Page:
What does lawyers and programmers have in common? They depend heavily on their skills to make money, even though when they are the boss of the company. In a successful law firm, they attract top talents as partners, and to strengthen their raw skill – legal capability. They don’t actually look for a manager, or a CEO, but a great lawyer.
Shouldn’t a software house be the same? Why are we recruiting top managers or CEO to run the company, and why aren’t we attracting top programmers to join as partner instead. Perhaps techies are not good at sales or finding business opportunities. But how about lawyer? Are they good at running a business or finding more business opportunities? Does a law firm have a CEO or manager who doesn’t know much about law? Can a software house have a CEO or manager who doesn’t know much about software development?
I think software house should behave like a law firm, attracting top programmers as partner to strengthen the development capabilities of the company. Good programmers are hard to come by as employee, and even harder to retain them over time. But if they are part of the company, then it’s a different story all together. They are more willing to contribute, as it determines how much they will be getting in the end.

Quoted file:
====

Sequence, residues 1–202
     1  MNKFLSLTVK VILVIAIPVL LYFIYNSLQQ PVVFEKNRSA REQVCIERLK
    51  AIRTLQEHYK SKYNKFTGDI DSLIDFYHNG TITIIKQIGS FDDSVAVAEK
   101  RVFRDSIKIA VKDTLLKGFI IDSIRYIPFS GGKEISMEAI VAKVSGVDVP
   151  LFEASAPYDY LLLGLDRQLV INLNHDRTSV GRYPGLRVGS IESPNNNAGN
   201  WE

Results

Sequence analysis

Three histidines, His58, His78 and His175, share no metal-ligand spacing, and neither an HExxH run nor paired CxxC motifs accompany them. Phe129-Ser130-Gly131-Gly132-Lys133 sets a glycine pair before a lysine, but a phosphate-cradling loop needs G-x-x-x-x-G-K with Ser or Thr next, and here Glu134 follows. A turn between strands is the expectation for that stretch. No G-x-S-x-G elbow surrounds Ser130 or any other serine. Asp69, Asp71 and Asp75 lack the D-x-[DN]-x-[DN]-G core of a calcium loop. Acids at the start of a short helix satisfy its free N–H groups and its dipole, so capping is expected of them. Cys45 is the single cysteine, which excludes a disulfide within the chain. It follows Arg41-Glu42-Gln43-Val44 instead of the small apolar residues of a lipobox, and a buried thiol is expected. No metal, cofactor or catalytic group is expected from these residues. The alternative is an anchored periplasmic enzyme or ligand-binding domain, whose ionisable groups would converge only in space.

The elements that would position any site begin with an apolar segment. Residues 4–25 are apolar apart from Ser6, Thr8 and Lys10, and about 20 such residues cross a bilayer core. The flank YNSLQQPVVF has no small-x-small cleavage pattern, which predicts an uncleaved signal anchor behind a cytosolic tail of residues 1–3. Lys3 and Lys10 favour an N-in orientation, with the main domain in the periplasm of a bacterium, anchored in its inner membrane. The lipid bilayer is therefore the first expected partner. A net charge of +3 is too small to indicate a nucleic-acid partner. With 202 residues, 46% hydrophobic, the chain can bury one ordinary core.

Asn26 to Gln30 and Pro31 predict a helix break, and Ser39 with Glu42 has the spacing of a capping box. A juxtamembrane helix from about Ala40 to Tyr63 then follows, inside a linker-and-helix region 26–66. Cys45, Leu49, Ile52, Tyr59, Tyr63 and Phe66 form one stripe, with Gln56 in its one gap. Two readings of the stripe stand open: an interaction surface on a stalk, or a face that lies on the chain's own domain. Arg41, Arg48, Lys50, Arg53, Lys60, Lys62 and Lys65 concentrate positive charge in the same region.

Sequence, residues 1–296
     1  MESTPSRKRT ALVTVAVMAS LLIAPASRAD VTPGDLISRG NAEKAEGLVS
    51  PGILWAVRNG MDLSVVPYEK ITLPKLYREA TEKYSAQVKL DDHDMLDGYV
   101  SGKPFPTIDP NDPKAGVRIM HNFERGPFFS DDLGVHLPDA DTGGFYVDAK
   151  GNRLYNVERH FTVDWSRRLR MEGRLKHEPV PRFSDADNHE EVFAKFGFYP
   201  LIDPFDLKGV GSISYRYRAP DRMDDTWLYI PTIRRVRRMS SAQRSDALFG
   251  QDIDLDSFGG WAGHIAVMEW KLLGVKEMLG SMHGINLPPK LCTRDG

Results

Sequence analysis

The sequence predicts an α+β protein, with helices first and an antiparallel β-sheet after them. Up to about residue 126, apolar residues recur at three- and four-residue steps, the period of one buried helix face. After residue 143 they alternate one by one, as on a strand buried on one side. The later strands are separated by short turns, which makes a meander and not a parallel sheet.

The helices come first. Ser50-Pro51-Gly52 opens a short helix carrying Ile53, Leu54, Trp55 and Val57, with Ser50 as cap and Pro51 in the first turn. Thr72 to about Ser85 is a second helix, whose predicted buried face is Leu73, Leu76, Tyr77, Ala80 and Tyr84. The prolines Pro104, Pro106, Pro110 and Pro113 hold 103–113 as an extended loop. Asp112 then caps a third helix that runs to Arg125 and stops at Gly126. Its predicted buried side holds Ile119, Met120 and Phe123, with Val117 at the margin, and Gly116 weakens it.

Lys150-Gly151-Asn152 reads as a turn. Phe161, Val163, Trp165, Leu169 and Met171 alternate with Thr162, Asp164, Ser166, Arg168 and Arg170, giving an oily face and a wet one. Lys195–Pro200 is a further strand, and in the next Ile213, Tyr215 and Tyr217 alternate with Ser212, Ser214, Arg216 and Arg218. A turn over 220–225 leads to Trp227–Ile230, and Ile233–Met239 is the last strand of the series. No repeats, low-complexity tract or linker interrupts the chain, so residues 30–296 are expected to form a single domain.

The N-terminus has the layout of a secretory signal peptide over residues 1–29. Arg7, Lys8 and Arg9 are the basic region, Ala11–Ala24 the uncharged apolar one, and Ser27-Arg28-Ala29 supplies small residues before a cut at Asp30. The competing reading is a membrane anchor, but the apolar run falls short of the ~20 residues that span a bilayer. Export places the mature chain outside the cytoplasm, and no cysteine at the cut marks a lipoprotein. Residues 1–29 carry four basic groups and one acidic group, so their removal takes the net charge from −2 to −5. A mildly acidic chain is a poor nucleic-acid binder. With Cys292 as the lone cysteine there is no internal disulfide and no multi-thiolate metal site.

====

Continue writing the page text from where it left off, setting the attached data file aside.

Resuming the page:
How about the issue getting business, should the top programmer go out and become the salesperson, or employ a few salesperson and hope for miracle to happen? I wonder how the law firm manages to do it. To become an entrepreneur, I guess you have to be all rounded as well. Is a lawyer who has his own practice an entrepreneur? Is a doctor with his own clinic an entrepreneur? I think they are, just that they provide service rather than goods, and they are the boss as well as the top employee in the company. Can a software house be the same? A law firm can have a few senior partners, some junior lawyers and more legal executives to help out. Perhaps a software house can have a few senior developers as partners, some junior programmer as helper and perhaps some support and QA engineers.
An ISV is not meant to be run like a big corporation like any other business. It should be run like a law firm, lean and mean. Not everything is meant to be run like Microsoft, so try to act more like FogCreek.